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Topic: Aga levitation
Message: Posted by: David Boyd (Dec 18, 2006 09:28PM)
Whats up everyone -

I was looking into building a Aga Levitation using the osborne plans,
Does anyone here own a AGA?

And If you Know of a Better Levitation Feel free to let me know !

Message: Posted by: Christopher Starr (Dec 18, 2006 09:37PM)
Stan Kramien (and many other old timers) consider it to be the best levitation method ever made and presented.
Message: Posted by: David Boyd (Dec 18, 2006 09:39PM)
Thanks for that info..

What illusions do you own?

Message: Posted by: HowardT (Dec 18, 2006 09:49PM)
Hey David, Stan used the "Astro" levitation. It allows you to float a girl 12' in the air. A staple in my show for many years as well. I would be glad to send you the specs if you'd like. Extremely inexpensive, easy to build yourself, set up and a very visual levitation. PM me if you like. Say hello to Elliot.
Message: Posted by: David Boyd (Dec 18, 2006 10:10PM)
That whould be good if you can send me the specs!

I'll tell Elliot you said Hello..

Thanks Chris and Howard!

Message: Posted by: Thatoldblackmagic (Mar 17, 2013 09:22AM)
The AGA plans I presume are in metal?
The Astro sounds awesome!
Message: Posted by: JamesinLA (Mar 17, 2013 02:38PM)
I believe a good portion of the aga is wooden, some is steel of course.

Message: Posted by: Dennis Loomis (Mar 17, 2013 03:00PM)
The Astro is an Abbott prop. So check with Abbott's first if you're looking for the plans. I traveled with Stan for a season and saw the levi rig most every day. It worked well and didn't give us any problems.

The question of which is the best levitation of all times has much to do with the performer and their presentation, of course, not just the method/apparatus. Taking the effect and presentation into account I think that the Kalanag levitation was certainly one of the best, if not the best.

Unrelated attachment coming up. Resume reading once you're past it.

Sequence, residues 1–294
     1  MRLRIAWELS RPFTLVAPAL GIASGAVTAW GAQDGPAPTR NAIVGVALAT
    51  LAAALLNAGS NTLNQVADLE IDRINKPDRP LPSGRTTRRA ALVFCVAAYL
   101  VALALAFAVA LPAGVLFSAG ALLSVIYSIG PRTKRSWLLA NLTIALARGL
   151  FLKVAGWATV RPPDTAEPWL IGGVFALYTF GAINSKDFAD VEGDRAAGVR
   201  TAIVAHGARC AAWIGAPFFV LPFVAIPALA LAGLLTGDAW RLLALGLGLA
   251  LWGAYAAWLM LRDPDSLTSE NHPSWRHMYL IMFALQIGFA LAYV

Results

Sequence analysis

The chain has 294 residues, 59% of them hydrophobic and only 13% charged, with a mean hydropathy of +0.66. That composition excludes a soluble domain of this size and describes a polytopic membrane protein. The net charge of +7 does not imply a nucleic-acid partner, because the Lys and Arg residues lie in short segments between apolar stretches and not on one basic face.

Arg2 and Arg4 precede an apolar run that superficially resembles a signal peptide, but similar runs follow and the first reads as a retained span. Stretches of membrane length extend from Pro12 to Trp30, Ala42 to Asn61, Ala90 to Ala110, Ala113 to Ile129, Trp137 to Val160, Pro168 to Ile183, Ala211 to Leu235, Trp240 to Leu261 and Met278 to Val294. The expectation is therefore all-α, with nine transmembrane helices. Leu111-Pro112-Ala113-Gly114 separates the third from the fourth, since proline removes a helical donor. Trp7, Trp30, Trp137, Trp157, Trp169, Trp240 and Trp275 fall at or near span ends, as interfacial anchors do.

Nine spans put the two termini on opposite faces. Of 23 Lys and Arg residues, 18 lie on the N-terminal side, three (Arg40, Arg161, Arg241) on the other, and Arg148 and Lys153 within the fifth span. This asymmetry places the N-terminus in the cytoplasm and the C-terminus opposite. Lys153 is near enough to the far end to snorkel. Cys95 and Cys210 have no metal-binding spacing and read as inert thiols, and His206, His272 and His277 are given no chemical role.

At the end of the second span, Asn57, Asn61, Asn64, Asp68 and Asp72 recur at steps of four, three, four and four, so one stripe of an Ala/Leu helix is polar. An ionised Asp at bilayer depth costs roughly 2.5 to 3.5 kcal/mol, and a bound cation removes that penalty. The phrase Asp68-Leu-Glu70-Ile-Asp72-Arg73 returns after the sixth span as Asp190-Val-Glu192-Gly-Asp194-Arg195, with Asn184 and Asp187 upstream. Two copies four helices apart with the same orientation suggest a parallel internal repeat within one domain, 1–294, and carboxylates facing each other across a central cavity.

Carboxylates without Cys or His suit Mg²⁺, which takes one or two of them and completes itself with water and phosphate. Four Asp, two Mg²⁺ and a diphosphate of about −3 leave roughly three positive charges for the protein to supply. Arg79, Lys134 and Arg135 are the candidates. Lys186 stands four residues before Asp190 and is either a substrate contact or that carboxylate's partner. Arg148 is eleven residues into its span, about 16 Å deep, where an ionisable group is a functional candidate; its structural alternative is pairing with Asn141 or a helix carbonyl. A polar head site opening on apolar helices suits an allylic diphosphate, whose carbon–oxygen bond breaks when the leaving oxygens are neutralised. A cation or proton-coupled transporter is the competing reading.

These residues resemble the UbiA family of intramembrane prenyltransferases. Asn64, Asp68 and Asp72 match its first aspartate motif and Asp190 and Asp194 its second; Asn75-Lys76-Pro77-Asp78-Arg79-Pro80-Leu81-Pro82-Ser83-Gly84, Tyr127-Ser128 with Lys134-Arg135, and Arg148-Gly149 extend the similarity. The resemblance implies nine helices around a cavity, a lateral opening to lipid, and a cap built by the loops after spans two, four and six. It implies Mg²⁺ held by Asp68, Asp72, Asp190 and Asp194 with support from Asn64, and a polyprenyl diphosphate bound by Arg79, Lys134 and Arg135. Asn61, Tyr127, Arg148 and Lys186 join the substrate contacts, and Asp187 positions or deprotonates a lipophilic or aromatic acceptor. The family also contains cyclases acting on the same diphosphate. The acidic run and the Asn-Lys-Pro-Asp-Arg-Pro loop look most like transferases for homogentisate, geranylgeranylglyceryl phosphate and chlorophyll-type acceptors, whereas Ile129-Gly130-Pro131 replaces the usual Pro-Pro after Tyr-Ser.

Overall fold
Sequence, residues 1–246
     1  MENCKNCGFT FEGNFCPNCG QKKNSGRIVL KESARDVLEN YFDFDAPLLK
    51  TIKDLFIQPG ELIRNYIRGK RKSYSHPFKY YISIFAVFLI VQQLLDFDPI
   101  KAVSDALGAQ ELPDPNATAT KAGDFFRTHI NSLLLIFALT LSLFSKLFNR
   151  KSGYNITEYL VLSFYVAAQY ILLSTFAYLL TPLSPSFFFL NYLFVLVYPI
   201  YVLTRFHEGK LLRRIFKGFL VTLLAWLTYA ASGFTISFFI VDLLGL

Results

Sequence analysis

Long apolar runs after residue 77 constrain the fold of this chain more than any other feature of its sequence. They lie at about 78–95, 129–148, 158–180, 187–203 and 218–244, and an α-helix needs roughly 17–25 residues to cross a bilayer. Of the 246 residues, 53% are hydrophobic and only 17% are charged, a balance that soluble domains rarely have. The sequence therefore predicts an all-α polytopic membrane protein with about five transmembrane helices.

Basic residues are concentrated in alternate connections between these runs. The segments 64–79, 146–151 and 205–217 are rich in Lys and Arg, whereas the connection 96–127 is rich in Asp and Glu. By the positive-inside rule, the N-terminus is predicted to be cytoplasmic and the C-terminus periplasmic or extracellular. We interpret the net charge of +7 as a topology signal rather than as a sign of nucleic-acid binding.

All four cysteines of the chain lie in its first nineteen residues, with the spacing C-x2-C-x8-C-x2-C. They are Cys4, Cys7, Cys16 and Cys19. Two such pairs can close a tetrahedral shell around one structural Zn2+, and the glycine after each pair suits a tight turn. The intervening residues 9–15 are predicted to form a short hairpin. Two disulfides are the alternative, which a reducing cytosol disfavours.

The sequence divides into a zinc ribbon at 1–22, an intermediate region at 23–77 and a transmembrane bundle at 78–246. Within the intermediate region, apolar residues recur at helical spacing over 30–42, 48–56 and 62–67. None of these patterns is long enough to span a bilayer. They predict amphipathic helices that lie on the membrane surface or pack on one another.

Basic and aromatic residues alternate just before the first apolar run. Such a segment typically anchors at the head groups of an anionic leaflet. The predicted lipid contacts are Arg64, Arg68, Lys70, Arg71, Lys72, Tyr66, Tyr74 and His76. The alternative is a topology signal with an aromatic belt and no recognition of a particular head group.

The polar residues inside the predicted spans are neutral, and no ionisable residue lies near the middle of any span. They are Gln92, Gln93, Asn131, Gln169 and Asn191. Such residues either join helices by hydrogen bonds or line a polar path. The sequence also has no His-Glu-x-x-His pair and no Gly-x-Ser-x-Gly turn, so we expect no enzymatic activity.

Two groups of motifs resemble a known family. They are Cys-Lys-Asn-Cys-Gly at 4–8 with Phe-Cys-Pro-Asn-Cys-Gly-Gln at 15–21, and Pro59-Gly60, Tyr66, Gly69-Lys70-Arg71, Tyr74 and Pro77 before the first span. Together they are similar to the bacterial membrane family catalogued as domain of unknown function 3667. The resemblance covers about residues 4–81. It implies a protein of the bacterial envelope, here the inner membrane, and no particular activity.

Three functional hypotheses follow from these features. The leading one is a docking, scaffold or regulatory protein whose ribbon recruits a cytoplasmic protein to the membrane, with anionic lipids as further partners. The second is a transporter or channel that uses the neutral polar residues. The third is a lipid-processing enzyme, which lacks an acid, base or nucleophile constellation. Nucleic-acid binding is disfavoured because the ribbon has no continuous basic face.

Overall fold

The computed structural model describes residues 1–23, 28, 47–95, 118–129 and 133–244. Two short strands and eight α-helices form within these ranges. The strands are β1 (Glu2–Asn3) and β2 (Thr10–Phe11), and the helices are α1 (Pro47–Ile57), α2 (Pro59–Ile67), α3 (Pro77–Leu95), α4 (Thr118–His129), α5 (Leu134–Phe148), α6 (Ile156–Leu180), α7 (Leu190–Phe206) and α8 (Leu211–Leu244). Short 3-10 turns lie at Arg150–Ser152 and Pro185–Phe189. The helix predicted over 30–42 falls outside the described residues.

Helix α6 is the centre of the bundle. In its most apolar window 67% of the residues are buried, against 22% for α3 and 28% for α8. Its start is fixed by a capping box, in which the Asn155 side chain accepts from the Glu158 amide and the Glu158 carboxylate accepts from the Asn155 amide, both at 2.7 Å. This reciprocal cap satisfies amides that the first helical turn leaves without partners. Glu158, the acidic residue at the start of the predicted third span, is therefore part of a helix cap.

Here's a link to it: https://www.youtube.com/watch?v=zCS5u5ti-HU

Dennis "Denny" Loomis
Message: Posted by: Michael Baker (Mar 17, 2013 03:01PM)
The Astro I saw a couple months ago (Abbott's, I believe) was metal. It was like an AGA on steroids. Great machine, but heavy as a wagonful of anvils.
Message: Posted by: john wills (Mar 17, 2013 03:04PM)
You can find manny answers in the Encyclopedia of Suspensions & Levitations.
Nowadays there are a few better levitations on the market, as there is the double
levitation as performed by Gabriel and Klok (levitating with Pamela Anderson in Las Vegas).
Message: Posted by: Pete Biro (Mar 17, 2013 04:18PM)
Best finish EVER for an Asrah happened years ago. BY ACCIDENT.
I was assisting Arthur Bull with the Asrah in Oakland, Calif., the girl (form) was up, I was backstage doing the 'necessary' and as Arthur was about to reach up, grab the cloth to reveal she had vanished, [b]someone opened a large backstage door and a huge gust of wind came in and blew the cloth up off the form and the cloth floated out into the audience![/b]
I don't think there ever has been such a magical ending.
Of course we told the magicians it was a secret method and we will not tip. :)
Message: Posted by: Dennis Loomis (Mar 18, 2013 01:51PM)
I don't think that the Encyclopedia of Suspensions and Levitations is still in print. It may help, it you're looking for a used copy to know that it was written by Bruce Armstrong.

Pete... what a great story! Thanks for sharing it. I suppose that now someone will start working on how to make this happen in every show.

Dennis "Denny" Loomis